UNITY TOUR 2016
Through the message of Black Violin’s music, we’ve spent the last 10 years working to encourage and empower people of all ages, ethnic and socioeconomic backgrounds to find what connects us, rather than shine a light on what divides us. This past year alone, we’ve played for nearly 100,000 students and over 125 public shows across the US and Europe. We’ve taken this opportunity to spread a message that challenges the world’s view of what it means to rise above labels, be daring enough to follow their passion and most of all, be true to themselves. As black men living in America, we understand challenges and we also understand the power of “I can’t”, yet we decide to live by and promote the power of “I can”. We realize that every opportunity to connect our diverse fans is an opportunity to break down the barriers that separate us, empower individuality and encourage progress. Today, we are announcing our fall 2016 UNITY tour with concert dates throughout the US for our most energetic and inspired shows yet. #BLACKVIOLINUNITY
European Tour Dates
It’s bittersweet to announce our European tour after such a tragic attack in Brussels but we can’t let terror damper our excitement for our first tour overseas. This just makes us want to play even stronger and harder. Some may use these attacks as a way to insight fear of others not like themselves but let’s remember to not judge people based on race or religion. Everyone is a unique individual and we need to keep breaking down stereotypes. Can’t wait to play our hearts out for Europe in May.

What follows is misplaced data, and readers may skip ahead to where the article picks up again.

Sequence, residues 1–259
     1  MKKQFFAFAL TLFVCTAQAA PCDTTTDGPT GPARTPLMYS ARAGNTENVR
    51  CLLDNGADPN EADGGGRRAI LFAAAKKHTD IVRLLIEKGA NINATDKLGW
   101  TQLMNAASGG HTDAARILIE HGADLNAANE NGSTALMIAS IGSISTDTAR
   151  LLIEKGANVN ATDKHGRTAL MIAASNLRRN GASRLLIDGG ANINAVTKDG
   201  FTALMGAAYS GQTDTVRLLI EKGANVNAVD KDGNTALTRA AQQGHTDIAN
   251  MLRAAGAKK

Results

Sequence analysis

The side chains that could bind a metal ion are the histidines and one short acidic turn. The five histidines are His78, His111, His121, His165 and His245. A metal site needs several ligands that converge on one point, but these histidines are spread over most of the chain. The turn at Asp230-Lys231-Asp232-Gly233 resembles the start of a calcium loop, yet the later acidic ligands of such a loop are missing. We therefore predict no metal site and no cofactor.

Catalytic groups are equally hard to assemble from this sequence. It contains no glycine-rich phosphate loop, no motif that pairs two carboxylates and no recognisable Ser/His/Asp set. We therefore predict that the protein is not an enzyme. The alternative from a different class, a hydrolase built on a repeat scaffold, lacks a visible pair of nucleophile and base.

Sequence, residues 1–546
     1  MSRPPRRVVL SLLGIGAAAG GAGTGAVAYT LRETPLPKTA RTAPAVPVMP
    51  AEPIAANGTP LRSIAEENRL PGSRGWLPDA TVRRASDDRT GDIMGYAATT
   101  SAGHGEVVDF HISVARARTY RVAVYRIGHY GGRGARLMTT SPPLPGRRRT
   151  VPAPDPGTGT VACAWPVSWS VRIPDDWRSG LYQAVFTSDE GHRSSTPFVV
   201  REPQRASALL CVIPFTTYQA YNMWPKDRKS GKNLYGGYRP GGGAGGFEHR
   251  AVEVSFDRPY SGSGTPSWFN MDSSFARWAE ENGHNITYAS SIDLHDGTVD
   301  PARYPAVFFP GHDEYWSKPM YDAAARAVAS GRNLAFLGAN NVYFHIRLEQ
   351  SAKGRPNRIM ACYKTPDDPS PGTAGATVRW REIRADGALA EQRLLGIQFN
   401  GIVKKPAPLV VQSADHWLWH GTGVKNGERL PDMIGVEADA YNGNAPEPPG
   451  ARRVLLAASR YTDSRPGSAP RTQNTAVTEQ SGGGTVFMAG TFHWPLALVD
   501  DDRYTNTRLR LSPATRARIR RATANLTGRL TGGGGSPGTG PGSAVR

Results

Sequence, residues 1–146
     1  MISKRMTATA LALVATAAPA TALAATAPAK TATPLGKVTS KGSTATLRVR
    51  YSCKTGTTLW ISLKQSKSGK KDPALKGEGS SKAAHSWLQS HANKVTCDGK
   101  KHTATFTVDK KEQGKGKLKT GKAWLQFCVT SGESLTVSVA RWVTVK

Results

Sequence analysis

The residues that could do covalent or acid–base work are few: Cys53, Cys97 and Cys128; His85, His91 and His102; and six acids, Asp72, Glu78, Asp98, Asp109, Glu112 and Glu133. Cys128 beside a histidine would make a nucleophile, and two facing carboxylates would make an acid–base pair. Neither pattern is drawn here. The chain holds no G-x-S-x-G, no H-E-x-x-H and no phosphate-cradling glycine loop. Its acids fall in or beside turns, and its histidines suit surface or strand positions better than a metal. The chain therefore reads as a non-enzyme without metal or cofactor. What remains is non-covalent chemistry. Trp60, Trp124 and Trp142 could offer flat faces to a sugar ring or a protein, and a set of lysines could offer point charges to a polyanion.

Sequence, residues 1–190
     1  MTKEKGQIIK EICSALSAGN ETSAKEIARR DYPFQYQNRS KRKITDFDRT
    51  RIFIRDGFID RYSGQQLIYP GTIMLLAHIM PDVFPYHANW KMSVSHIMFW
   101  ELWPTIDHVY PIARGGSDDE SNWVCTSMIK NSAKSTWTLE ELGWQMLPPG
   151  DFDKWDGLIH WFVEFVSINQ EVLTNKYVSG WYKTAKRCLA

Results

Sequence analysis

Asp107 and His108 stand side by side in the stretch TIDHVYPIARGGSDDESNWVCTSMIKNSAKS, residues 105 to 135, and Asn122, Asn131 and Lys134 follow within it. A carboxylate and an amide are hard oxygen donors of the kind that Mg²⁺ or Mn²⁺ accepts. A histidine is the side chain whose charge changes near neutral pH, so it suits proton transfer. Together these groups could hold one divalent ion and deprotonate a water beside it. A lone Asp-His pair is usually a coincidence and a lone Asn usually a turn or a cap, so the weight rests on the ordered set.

N.P.R. Morning Edition with Black Violin 09/17/2015
Kevin Sylvester says that when most people see a 6-foot-2-inch, 260-pound black man, they don’t expect him to also be a classically trained violinist. A recent exchange with a woman in an elevator, when he happened to have his instrument with him in its case, drove that point home.
“She’s like, ‘What do you play?’ ” he recalls. “I’m like, ‘I’m a violinist.’ And she was like, ‘Well, obviously you don’t play classical, so what kind of style do you play?’ ”
Sylvester says he explained that while he does have a degree in classical music, he plays all kinds of styles. “She didn’t mean it maliciously,” he says, “but I hope she gets to see us in concert and we can change her perception.”
Moments like this inspired Sylvester and his partner, violist Wilner Baptiste, to call their new album Stereotypes. It’s the latest release by their duo Black Violin, whose seeds were planted years ago when the two met as high school students in Florida.
Click to listen to the entire interview: NPR.org